ALEDO — While most people have been on pins and needles the past two months during the declared COVID-19 pandemic, there may be a glimmer of hope for the future. Some individuals, such as hospital employees and grocery store staff, have endured an increased work load. Then there are the families juggling work schedules and children (who would normally be at school during the day}.


Elise Fippinger


Elise Fippinger came home for spring break in mid-March on an Amtrak train during her freshman year at the Kansas City Art Institute. Then the governor’s pandemic pronouncement came down.


Initially the school told her there would be an additional week off, which then was extended for an undetermined amount of time.


Within days she had her old job back at the Aledo Tastee Freez. She also continued schooling through the internet.


Assignments were documented and sent back to school by email. “Doing an on-line animation would not be easy,” she said. She didn’t have the same, sophisticated software for the project.


At home are her mother and father, Ann and Scott, both work in the funeral business. Her two older brothers are on their own now. Nathan is working on his master’s degree in Colorado, and Ben went to school for two years and is now living in the Quad Cities.


She said “social isolation” doesn’t really bother her yet — she has a job and she has her school work. In the future she plans to embark on a commissioning set-up, to let others tap into her art experience. She may also be going back to school. That is yet to be determined.


On May 21, she plans to go down to Kansas City to pick up her dorm room items.


Todd Baldwin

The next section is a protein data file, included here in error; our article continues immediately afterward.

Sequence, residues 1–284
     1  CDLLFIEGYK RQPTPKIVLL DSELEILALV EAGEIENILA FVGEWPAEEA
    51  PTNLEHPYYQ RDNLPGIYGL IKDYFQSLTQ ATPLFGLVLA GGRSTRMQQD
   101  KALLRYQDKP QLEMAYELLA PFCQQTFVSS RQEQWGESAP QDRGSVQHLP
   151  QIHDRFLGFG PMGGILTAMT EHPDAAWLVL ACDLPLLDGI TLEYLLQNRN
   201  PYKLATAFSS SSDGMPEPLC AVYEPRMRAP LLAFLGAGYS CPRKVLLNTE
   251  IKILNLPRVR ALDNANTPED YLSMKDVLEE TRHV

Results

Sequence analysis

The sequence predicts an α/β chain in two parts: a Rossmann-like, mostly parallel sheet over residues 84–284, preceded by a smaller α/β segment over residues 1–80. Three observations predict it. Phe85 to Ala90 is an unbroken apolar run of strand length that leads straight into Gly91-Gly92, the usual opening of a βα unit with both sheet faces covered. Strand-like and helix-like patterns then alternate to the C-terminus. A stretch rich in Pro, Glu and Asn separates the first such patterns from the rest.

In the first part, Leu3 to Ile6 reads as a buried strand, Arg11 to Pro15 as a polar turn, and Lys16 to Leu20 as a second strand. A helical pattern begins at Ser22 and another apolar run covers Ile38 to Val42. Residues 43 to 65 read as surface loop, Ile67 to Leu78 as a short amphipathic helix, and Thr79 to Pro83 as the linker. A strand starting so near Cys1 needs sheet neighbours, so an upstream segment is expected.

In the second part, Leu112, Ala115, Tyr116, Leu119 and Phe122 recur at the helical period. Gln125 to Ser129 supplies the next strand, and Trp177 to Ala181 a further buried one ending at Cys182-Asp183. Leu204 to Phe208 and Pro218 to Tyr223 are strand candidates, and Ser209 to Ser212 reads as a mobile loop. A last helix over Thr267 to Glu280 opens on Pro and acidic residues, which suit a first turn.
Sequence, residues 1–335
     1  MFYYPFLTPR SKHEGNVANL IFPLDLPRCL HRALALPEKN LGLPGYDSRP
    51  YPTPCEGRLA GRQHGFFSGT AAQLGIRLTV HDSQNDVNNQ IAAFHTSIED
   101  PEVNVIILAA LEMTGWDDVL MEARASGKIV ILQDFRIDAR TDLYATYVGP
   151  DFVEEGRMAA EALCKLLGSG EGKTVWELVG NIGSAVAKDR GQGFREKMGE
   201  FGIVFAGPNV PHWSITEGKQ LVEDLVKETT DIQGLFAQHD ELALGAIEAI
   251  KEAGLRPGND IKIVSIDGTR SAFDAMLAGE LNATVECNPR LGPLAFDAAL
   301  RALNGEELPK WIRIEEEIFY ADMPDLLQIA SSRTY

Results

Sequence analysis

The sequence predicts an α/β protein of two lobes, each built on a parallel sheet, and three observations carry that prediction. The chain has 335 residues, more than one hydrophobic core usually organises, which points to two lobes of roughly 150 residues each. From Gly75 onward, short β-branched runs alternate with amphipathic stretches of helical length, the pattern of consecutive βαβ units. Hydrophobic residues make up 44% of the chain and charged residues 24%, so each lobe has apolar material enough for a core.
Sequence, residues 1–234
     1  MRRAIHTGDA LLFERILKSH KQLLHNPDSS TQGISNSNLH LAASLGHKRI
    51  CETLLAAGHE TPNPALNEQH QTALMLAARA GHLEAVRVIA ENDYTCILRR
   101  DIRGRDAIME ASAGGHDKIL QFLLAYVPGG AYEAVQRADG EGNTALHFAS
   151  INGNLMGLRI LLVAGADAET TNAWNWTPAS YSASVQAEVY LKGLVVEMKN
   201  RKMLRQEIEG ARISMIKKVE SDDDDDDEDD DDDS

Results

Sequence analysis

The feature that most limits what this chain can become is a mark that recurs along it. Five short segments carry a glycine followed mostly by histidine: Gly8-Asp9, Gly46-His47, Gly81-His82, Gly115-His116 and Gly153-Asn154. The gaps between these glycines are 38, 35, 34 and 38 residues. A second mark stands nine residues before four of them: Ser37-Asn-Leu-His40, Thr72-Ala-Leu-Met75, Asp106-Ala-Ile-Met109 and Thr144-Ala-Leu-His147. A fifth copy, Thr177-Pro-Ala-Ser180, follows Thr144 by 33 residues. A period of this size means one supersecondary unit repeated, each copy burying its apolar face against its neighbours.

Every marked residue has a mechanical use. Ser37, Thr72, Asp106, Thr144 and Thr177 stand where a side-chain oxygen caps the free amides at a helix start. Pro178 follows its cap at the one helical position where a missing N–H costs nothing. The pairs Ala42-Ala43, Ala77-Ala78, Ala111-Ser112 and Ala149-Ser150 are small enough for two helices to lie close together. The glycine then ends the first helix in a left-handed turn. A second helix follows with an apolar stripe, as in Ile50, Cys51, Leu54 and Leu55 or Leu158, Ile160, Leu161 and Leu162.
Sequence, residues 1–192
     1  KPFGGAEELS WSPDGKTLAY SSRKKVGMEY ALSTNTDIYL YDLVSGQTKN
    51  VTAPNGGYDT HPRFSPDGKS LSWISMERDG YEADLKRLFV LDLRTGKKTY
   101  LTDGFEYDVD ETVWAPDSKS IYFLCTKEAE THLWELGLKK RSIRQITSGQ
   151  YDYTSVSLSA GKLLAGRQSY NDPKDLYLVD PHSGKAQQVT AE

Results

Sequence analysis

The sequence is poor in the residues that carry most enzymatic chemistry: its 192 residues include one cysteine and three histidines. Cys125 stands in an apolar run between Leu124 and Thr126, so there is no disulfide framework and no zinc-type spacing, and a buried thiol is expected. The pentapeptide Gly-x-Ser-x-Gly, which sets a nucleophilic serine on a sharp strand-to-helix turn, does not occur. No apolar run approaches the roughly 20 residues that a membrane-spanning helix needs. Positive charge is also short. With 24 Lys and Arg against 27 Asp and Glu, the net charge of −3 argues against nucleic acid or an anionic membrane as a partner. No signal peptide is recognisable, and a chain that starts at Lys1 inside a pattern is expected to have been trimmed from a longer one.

Todd Baldwin of Aledo is a financial planner for Compeer Financial in Aledo. His office is closed now and he works from home. Talking to clients has been a struggle. He first set up his office in his bedroom. But having three children is sometimes a distraction.


Managing his three children’s school work wasn’t too hard for his oldest. John, his sixth grader brought home a Chromebook to do his schoolwork.


“We hadn’t seen him play his trombone for a while,” he said. So they did mention that to him. John has kept in contact with band director Rusty Ruggles through email.


Emily, Todd’s wife, was more engaged in monitoring the two younger children —Helen, a fourth grader, and Norah, a preschooler. Helen’s big project was titled “The Wax Museum” where students had to choose a person to report on. Helen chose Simone Biles, the American gymnast.


Teachers were helpful by sending various internet web links for study purposes. “She used those to get fact,” Emily said. “She posted her speech on Flip Grid,” she added.


Norah’s teacher sent home a packet with workbook pages, art projects and seeds for planting. “I ended up working a lot with her on the workbook,” she said.


The seeds to plant were a big hit for Norah. “She really enjoyed watching them grow,” Emily said.


Holly Boydston


Holly Boydston works as the front desk clerk at Aledo City Hall. She works full time, although there is no entry into the building by the public. She has two children, a junior in high school and a sophomore in college.


Both are pretty independent at doing their schoolwork, but she did admit it has been stressful “keeping them motivated.”


“It’s been a challenge. It would have been less stressful if they could have had contact with their friends,” she said.


One factor affecting schoolwork is their internet connection. “We live in the country, right on the edge of the city,” she said. The internet speed is unpredictable.


Taylor, the college student, has a device from the school to use, and Rachel has a Chromebook from Mercer County High School.


“They’re hoping to be able to go back to school in the fall. There is no way of predicting the future. They’re just taking it one day at a time.”